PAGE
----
Views from the garden and a detail of my painting (116 x 270cm!) in progress.
What is actually celebrated these days in Finland:
All Saints day
For adults, in Finland the whole Halloween idea isn’t about costumes or candy. The tradition is to celebrate – and commemorate – All Saints day.
This is how Finns celebrate All Saints: they go to a cemetery and light thousands of candles
All Saints day in Finland is celebrated the first Saturday after the 30th of October, and is a great day to go to the cemetery with the whole family, to visit and honor relatives by lighting candles, and to see how everyone else has done the same, making the view of the entire cemetery a very solemn and spectacular sight.
These days the shops are full of candles, and they even have special shelves for them.
Nonetheless – and despite the different nature of these days in Finland -, you might be invited to a Halloween party these days. And the younger you are, the more chances you’re likely have. After all, it’s never a bad time to meet up with friends, right?
That is how the blogger Big in Finland en Español describes Finnish Halloween tradition.
This is nearly the darkest time of the year. Usually it is the time of "the first snow" as well -and sometimes we are lucky to have such amazing sunny days like today. It seems that sun is tired, barely rising above the tree tops and sets early in the afternoon. But the light is golden and soft and yet glittering,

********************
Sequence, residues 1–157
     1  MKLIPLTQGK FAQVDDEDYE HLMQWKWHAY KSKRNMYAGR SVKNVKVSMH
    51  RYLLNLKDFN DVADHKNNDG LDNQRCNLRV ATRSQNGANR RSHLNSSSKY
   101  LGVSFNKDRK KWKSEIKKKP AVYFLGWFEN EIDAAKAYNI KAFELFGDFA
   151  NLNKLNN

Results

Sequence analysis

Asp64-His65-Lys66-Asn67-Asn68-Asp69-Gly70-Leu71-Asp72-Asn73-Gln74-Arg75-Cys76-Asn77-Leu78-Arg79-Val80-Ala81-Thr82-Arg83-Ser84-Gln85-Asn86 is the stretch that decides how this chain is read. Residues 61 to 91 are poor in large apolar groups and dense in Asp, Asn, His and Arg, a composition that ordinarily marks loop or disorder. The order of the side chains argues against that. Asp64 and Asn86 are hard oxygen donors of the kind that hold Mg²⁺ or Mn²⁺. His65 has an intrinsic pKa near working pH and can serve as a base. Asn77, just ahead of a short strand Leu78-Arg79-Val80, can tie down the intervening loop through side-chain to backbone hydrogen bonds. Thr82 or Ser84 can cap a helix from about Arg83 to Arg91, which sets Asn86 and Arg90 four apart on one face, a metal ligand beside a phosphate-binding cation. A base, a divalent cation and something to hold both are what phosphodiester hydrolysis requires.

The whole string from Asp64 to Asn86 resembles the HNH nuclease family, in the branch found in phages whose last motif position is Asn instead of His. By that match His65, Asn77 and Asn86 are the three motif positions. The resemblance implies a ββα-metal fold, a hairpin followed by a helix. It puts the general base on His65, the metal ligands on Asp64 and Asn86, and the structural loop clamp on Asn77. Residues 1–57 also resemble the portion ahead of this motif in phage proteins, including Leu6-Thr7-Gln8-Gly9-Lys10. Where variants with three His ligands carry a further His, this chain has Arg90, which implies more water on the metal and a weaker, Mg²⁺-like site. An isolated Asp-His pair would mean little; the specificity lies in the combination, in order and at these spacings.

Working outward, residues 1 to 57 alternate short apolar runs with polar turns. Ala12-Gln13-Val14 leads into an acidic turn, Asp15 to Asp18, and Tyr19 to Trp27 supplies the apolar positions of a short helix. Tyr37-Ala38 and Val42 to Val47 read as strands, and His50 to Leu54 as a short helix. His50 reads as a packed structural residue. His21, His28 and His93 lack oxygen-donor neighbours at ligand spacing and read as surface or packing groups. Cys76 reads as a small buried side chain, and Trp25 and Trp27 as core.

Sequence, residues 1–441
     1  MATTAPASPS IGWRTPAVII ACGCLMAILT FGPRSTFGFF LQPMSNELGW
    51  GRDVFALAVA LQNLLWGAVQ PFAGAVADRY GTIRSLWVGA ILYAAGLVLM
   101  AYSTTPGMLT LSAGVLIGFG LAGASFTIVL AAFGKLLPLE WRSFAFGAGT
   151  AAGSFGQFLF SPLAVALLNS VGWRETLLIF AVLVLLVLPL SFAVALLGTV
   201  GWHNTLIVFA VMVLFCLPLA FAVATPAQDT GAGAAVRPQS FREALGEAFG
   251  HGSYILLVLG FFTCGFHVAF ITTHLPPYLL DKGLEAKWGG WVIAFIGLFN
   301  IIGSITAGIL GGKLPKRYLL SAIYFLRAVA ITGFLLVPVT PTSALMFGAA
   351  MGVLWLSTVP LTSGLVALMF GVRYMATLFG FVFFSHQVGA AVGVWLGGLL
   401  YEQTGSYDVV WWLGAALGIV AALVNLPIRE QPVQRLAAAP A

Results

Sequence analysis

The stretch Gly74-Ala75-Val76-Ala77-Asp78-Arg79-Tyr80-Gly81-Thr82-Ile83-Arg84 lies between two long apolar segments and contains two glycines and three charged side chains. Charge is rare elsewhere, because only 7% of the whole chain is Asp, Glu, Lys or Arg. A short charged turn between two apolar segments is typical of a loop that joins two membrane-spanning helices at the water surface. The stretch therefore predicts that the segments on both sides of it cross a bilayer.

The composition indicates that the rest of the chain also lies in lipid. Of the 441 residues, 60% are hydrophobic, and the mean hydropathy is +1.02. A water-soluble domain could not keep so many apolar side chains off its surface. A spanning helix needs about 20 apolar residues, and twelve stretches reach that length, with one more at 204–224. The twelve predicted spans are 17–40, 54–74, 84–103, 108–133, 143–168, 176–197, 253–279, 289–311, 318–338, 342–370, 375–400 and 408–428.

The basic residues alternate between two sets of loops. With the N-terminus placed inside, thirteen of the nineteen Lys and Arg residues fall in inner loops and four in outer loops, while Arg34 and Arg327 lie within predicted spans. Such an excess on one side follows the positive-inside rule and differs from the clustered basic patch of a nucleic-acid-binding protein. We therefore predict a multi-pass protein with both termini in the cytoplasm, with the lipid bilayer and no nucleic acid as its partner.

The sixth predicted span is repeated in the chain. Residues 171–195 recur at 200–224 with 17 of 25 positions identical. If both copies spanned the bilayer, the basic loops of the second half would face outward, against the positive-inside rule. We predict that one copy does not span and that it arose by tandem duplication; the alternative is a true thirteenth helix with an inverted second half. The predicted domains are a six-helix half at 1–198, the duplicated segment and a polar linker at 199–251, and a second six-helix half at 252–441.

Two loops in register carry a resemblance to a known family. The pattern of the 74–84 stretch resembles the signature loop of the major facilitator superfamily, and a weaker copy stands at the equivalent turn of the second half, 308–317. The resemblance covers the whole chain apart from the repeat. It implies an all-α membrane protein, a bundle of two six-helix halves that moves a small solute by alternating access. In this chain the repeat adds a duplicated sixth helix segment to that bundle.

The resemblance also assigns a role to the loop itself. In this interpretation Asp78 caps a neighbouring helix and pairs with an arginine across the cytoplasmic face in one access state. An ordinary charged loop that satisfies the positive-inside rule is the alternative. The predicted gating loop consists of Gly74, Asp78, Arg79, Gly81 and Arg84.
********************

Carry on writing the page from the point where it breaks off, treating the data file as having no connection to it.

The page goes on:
And yes, there is also an ancient Finnish tradition of this time, which has nearly been forgotten:
Kekri:also spelled Keyri, or Käyri, in ancient Finnish religion, a feast day marking the end of the agricultural season that also coincided with the time when the cattle were taken in from pasture and settled for a winter’s stay in the barn. Kekri originally fell on Michaelmas, September 29, but was later shifted to November 1, All Saints’ Day. In the old system of reckoning time, Kekri was a critical period between the old and new years when the ancestor spirits came to visit their former homes. The living accordingly held feasts honouring the dead. Food and drink were left for the spirits, the sauna was heated, and the dead were referred to as “holy men.” The feast was generally restricted to the members of the family, but in some areas the occasion was also marked by the common sacrifice of a sheep by the men of the entire village.
Thank you, Ariane, for the kind invite to participate the challenge
Ariane is the host of the week´s AC (Art Challenge), see all the participants via her beautiful blogRose .